How the experts use salt in their cooking – and why The science of how salt affects the taste of food is more complicated than you might think – but it's vital to understand if you want to improve your skill in the kitchen
Sea salt … how do you get the full benefit in your recipes? Photograph: Alamy
Ferran Adrià once declared salt "the only product that changes cuisine". This is because, as he and all seasoned cooks know, sodium chloride not only adds saltiness, which human beings innately adore (because we need it to live), but it also skews the overall flavour to positive effect. It makes food sing by suppressing bitterness, enhancing sweet and savoury, and turning up the volume on the aromas. But how on earth does it do all this?
The bitter-reducing ability of salt is a marvel. It is why coffee aficionados add an undetectable pinch to their grounds before brewing, says Barry Smith of London University's Centre for the Study of the Senses. And why a saline olive is the perfect bedfellow to the bitter, liquorice finish of a valpolicella. But it is not easy to uncover the precise mechanics of this culinary godsend, what with it occurring on a molecular level. We do know that it is a physiological phenomenon, rather than cognitive. Even if there isn't enough salt in our mouths for us to consciously taste it, the effect will still happen. And if you stimulate one side of the tongue with salt, and then put something bitter such as quinine on the other side, the salt will generally not suppress the bitterness. The two tastes have to be hitting the same receptors for it to work. Put very simply, we think that sodium molecules turn down bitter responses in the receptors.
The above process has a role in bringing out sweetness, too. If a food has both bitter and sweet notes, the two tend to dampen perception of each other (this is a cognitive function, rather than something that's happening in the taste receptors). Paul Breslin of Rutgers University, who is pretty much the don when it comes to tasting science, gives the example of a grapefruit. Remember, the sweet and bitter notes will already be suppressing each other. "When I add salt to it," he says, "I then suppress some of the negative notes, like the bitter taste." By knocking the bitter down, the sweetness – "or other pleasant tastes, such as savoury," he adds – are released from their bitter shackles. So not only is the bitterness turned down, but the sweetness is turned up.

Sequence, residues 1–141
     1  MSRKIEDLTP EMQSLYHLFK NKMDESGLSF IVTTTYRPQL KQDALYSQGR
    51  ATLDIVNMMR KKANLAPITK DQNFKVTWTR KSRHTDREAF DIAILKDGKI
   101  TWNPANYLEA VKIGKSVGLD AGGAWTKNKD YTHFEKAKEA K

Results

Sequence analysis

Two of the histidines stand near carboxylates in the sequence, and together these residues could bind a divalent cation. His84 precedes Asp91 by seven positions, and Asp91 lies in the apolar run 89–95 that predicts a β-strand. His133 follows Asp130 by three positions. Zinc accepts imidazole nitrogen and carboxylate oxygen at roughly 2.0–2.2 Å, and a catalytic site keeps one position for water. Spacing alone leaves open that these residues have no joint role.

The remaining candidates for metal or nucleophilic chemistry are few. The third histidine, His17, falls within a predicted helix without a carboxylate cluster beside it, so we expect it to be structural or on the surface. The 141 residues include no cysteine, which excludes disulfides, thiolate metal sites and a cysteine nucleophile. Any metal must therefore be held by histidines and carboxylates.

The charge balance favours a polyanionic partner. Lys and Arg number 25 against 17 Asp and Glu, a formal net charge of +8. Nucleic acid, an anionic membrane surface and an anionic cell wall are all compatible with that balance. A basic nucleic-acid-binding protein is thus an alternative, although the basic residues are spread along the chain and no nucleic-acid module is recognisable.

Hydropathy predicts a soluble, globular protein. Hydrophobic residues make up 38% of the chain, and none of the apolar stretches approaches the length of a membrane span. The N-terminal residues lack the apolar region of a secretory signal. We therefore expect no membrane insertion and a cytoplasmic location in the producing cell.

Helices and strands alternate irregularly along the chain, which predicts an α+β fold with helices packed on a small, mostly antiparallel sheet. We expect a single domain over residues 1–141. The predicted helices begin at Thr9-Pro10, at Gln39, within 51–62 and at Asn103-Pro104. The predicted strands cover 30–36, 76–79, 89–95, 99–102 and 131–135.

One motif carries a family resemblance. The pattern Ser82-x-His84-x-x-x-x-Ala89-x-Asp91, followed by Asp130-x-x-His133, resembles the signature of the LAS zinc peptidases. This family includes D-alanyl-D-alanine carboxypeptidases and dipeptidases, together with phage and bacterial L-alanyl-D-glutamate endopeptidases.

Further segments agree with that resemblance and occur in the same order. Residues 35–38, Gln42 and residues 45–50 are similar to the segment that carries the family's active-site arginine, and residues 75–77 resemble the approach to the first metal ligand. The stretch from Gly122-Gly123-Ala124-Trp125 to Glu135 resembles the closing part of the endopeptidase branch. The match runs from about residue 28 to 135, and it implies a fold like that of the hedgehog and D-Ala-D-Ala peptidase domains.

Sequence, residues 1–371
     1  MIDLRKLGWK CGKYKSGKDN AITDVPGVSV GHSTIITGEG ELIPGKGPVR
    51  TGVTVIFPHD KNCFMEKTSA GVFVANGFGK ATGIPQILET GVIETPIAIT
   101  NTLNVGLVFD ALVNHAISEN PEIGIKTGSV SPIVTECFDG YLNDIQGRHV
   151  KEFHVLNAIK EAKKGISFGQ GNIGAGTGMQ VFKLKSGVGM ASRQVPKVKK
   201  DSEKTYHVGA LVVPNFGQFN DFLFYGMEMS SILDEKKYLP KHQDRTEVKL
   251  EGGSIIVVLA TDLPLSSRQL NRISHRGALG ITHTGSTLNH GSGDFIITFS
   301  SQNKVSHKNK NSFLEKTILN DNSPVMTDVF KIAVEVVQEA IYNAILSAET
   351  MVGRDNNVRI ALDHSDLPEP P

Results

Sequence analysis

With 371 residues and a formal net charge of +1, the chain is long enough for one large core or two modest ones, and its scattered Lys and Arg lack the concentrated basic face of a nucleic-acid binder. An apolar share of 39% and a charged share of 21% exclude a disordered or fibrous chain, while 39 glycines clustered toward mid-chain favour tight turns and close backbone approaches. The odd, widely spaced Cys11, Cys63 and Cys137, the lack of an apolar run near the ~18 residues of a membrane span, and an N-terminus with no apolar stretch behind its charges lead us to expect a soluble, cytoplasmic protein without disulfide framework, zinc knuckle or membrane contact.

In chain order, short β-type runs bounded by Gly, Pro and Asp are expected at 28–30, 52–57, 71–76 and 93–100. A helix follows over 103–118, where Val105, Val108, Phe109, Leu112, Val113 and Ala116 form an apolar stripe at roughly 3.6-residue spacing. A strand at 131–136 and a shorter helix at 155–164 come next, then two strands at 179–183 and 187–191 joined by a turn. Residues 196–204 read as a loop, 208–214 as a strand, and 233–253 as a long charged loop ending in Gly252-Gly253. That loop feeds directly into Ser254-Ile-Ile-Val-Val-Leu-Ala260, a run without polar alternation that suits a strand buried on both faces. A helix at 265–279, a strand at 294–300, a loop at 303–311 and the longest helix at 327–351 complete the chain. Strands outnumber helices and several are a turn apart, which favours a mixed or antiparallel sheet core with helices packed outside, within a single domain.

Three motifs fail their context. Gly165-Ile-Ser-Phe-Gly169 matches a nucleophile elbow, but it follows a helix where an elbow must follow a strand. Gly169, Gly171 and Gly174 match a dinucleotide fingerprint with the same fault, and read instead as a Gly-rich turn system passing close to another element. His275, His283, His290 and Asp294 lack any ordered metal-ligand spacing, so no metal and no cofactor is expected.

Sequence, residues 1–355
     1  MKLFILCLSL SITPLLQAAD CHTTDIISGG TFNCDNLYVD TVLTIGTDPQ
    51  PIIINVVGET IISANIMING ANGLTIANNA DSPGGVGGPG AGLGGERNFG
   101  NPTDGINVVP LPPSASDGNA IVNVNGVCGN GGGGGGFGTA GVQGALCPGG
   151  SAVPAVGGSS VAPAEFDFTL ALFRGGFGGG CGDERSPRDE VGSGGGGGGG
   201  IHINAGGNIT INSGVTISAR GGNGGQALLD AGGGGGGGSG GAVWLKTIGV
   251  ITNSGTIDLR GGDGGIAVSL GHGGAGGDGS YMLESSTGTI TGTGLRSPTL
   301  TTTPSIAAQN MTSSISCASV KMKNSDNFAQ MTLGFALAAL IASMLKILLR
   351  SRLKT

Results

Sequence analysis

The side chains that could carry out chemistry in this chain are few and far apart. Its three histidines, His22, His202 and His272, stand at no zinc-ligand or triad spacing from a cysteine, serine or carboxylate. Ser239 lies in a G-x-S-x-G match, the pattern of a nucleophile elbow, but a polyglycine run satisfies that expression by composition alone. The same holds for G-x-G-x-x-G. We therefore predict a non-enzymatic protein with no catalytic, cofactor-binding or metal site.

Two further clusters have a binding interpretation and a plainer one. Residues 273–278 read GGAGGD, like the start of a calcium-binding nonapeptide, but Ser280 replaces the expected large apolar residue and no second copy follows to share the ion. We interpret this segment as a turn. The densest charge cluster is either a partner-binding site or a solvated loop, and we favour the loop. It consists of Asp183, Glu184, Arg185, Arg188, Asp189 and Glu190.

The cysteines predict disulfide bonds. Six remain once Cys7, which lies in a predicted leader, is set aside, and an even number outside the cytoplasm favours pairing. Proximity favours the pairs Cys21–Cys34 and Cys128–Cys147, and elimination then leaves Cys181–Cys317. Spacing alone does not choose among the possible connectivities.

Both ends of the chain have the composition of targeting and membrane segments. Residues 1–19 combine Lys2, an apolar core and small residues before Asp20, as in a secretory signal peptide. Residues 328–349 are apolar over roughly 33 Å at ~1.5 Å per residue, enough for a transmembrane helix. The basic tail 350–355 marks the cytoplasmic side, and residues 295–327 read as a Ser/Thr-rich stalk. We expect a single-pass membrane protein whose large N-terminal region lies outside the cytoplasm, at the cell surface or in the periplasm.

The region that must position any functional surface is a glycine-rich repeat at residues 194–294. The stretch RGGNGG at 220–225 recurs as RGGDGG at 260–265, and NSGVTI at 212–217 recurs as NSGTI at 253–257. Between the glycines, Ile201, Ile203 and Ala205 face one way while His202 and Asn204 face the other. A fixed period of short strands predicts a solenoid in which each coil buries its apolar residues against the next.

Salting out the aromas
Veteran food writer Jeffrey Steingarten, in his book The Man Who Ate Everything, wrote that salt magnifies the natural aromas in food. This concept has always flummoxed me, and I ask Breslin how this could possibly be. In fact, he replies, there are two ways in which salt affects the aroma (which is commonly said to account for 80% of overall flavour perception, although this is little more than a widely accepted guestimate).
Firstly, says Breslin, if you change the taste profile, it will interact with the aromas differently. We have "learned synergies" between tastes and smells. The smell of peanut butter goes with salt, strawberry and vanilla are associated with sugar, and so on. Returning to his fruit analogy, salting will "not only change the flavour profile by suppressing bitter, thereby bringing out sweet more. The sweet will go with the fruit flavours and maybe enhance or synergise with the fruit flavours."
In addition, when the salted surface is liquid, like on a melon or grapefruit, a thing called salting out occurs. The salt draws out more of the volatile molecules that give rise to the aroma. The salt effectively changes the vapour pressure, "and this can be measured on a machine", adds Breslin, conclusively.
Taking the above into account, it's easy to picture flavour as this great, heaving, living, breathing mass of complex chemical reactions, underlining the cookery advice that chefs dole out time and again: keep on tasting. However, there are rules of thumb, such as: never cook peas and broad beans in salted water unless you prefer their skin hard and cracked. And don't salt mushrooms before they're cooked, unless you actually want them limp and shrivelled.
Usually, observes Steingarten, "salt added at the table becomes the dominant flavour, doesn't bind the other tastes together and leaves you with a salty aftertaste." This is satisfying on chips (and in any case salting chips while they're cooking will render them soggy, too), but in a sauce or meat dish, you really need to get the salt circulating at the start of cooking to get the full benefit.
Florence Knight, chef at Polpetto in London and author of One: A Cook and Her Cupboard, adds a generous pinch of salt to pasta water once it has begun to boil and, she says, "I always add some of the pasta water to the sauce I am preparing. For me this is an essential step in making any good sauce." She also adds a pinch of salt to cake batter.